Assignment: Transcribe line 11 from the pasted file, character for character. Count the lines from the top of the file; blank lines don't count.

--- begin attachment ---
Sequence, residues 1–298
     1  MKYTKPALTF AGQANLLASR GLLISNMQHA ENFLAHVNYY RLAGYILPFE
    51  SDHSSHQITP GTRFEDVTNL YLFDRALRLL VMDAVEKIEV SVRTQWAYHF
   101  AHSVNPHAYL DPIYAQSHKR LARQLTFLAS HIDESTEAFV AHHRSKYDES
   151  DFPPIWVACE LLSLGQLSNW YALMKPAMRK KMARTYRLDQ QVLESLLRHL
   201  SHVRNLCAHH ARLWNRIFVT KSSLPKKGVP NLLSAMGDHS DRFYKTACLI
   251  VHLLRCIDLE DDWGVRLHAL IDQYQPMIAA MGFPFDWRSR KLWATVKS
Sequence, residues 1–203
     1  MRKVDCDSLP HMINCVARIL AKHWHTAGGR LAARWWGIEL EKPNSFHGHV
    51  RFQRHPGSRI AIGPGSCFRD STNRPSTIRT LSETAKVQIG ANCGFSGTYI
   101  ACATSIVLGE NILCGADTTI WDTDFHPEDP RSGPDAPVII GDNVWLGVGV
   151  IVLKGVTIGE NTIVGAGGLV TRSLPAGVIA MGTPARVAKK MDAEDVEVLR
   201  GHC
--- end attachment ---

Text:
   101  ACATSIVLGE NILCGADTTI WDTDFHPEDP RSGPDAPVII GDNVWLGVGV